A picture of pure shock and curiosity, Emma placed her empty glass down, “Surely, you are not suggesting I dress as a man and enlist in the Union Army!”
“That is precisely what I am suggesting.”
In an era when women are adornments, Northerner Emma Mansfield finds it challenging to fit the mold. It becomes an impossible task when her country is torn apart by civil war. Knowing she must take action, Emma finds herself in the midst of danger and intrigue when she takes up the guise of a young artillery soldier for the Union Army. Desperately trying to find out if her two brothers are alive, Emma must maintain her anonymity as she fights for survival.
“You have to hold him tighter!” The Union doctor showed no sympathy at all for the man writhing in blood on his table.
“Yes, Sir!” The youth compressed all his strength on the man, turning his face away from the bloody limb, which vaguely resembled a leg.
The sawbones grasped the bone saw firmly and without much ado, began vigorously amputating the man’s leg. The strangled screams echoed in the youth’s ears and he swallowed hard to prevent himself from losing what little food he had in his belly.
The soldier passed out as soon as the doctor hit bone. Although it seemed to take an eternity, the whole procedure was over in ten minutes. The youth crawled off the man and waited while the doctor stitched the wound. Leaving a hole for drainage, he bandaged what was left of the man’s lower right leg.
“Get him moved!” The doctor was already preparing for the subsequent amputation. The youth followed the stretcher out of the tent, ignoring the cries of the next soldier. He wanted to slam his hands over his ears and fuse his eyes closed.
The carnage was almost too much to bear. The Confederate Army had devastated the Army of the Potomac. The youth hung his head and trudged along, scuffing his boot in the dirt. A hand grabbed his ankle and he steadied himself.
“Water…gimme water, boy.” The soldier was on a stretcher awaiting the surgeon, with a gaping hole in his abdomen, intestines spilling out.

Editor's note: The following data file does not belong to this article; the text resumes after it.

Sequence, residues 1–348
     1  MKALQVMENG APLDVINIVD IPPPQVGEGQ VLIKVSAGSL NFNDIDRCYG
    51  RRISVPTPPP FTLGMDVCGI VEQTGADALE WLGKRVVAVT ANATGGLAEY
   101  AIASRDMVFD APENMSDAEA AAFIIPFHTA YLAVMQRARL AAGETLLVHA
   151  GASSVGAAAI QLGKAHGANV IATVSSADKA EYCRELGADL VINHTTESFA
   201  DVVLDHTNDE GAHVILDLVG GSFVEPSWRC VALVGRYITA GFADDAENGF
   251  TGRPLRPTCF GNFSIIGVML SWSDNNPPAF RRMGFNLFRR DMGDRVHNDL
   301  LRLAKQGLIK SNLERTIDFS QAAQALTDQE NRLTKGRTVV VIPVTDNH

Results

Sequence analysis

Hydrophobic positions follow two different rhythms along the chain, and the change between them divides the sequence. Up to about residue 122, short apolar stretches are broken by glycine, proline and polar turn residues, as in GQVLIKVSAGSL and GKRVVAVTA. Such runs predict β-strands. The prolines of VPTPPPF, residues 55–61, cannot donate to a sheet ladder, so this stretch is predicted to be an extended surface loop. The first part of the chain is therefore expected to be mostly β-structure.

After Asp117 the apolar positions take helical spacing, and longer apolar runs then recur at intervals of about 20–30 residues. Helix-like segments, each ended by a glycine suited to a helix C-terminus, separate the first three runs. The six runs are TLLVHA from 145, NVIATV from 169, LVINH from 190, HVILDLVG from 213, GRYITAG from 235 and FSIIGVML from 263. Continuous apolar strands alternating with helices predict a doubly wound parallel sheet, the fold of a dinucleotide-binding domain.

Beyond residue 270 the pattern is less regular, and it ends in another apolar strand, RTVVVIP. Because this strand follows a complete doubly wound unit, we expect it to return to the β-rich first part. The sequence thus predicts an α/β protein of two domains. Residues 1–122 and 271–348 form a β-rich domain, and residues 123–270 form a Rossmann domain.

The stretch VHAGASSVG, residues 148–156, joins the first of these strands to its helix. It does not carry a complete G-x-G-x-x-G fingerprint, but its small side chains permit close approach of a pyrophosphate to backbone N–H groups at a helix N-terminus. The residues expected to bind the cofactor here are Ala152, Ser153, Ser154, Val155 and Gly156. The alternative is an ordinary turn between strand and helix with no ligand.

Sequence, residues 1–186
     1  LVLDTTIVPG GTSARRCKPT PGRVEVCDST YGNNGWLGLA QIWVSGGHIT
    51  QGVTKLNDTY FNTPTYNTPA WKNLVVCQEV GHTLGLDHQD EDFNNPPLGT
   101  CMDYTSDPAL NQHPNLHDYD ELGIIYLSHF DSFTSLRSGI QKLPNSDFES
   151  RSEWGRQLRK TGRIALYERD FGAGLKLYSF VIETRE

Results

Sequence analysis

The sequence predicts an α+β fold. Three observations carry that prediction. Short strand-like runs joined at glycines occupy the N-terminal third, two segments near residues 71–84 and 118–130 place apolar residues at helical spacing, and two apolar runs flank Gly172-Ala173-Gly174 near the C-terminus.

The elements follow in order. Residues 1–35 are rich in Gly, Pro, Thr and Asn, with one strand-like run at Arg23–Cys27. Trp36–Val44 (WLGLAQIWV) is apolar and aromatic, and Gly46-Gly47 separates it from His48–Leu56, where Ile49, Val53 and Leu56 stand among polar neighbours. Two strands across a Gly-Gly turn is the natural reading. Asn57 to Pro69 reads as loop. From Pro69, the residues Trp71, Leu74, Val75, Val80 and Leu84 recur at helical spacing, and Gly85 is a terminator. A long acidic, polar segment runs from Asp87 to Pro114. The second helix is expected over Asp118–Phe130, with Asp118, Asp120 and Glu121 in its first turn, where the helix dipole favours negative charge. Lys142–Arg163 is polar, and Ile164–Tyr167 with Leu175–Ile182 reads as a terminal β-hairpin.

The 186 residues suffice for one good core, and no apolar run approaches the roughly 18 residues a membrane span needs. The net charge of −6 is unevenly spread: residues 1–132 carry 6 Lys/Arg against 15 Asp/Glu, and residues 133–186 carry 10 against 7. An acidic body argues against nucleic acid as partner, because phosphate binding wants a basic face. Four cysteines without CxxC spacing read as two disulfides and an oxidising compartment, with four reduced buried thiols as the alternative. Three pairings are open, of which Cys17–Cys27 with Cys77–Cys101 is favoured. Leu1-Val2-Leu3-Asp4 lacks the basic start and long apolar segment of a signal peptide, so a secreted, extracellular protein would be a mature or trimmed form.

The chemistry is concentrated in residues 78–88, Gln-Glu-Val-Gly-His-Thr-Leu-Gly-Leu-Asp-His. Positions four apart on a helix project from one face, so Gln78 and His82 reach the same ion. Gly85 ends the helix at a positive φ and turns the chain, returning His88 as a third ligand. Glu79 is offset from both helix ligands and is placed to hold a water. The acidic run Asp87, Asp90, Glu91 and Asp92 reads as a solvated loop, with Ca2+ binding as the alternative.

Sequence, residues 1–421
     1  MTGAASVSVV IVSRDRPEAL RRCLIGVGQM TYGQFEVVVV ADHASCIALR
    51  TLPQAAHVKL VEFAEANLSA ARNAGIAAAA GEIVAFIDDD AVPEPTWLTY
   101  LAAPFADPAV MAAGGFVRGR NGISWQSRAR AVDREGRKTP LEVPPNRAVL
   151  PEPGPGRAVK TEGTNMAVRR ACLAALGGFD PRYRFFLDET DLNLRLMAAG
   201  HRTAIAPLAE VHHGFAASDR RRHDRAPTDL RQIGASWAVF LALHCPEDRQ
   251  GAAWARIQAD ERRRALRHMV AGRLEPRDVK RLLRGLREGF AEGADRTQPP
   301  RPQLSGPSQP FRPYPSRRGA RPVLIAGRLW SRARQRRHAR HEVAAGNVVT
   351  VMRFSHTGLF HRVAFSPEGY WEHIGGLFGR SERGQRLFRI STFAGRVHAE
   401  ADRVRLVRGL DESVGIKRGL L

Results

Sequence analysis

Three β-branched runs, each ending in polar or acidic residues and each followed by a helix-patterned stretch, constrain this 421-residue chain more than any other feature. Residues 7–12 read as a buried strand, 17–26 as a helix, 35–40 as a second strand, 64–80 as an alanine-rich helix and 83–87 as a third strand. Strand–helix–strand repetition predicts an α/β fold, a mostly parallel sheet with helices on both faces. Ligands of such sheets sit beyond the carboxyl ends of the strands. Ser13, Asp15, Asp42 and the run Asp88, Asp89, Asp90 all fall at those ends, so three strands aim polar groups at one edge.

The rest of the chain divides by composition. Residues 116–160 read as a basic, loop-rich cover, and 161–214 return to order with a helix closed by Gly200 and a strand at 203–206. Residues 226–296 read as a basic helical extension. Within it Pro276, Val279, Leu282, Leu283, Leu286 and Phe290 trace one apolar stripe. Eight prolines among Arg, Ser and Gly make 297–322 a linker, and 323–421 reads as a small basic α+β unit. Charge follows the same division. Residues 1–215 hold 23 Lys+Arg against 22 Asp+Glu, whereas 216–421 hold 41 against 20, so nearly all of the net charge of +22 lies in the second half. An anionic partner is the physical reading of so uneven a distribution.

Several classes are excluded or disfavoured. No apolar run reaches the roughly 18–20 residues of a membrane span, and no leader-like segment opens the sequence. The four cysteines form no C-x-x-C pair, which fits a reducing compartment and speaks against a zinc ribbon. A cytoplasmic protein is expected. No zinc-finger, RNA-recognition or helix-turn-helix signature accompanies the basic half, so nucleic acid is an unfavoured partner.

The youth knelt down and wiped away some dirt from the man’s face, “Won’t be long now.”
The soldier fished in his pocket and pressed a gold watch into the youth’s hand. “My boy…he’ll be 10…man of the house now…take this to him. Name’s on the inside.” He grabbed the youth’s collar, “Promise me, boy.”
Folding his fingers around the watch, the youth quickly nodded and the man collapsed back, his eyes vacant. Rocking back on his heels, he stared for a few moments at the dead man. Nearby, soldiers were digging a mass grave for the men who had fallen on the battlefield. Removing his kepi, he said a short prayer and made the sign of the cross before rising and shuffling his way to the hospital tent.
Two officers were speaking in hushed tones and barely noticed the thin youth entering the canvas tent. The smell of death permeated the air, along with urine and vomit. The surviving patients were awaiting transport to the city from the battlefield. The youth quickly located his compatriot and pulled a wooden stool to the side of his cot.
The youth placed his hand on the man’s chest, “You cannot have any yet, William. Soon though. They are going to take you into the city.”
Will gave him a weak smile and grasped the narrow boned hand, “If I survive long…”
“You will! Have faith.”
“Hurts like hellfire, Em. Wish we were back at home. It’ll be Christmas soon…I wish I could taste my ma’s cookin’ one last time…” William let out a sigh and shut his eyes again.
Hanging his head, the youth angrily brushed away a tear, speaking in a voice low enough for Will not to hear, “Me too, Will. Me too…”
TO WIN A COPY OF THE SOLDIER’S SECRET, ENTER AT RAFFLECOPTER, BELOW. ENTRY IS OPEN FOR THE NEXT SEVEN DAYS, AND THE WUNNER WILL BE NOTIFIED SHORTLY AFTER THE CLOSING DATE
ABOUT THE AUTHOR
Heather Osborne was born and raised in California. She has a Bachelor of Science in Criminology and Victimology, as well as coursework in Early Childhood Education. In 2009, she met her husband and moved to Scotland, very much a dream of hers since she was a small child. Heather has been writing short stories for as long as she can remember. She also has written and directed several plays. In her spare time, Heather enjoys reading, writing (of course!), theatre, as well as caring for her young son.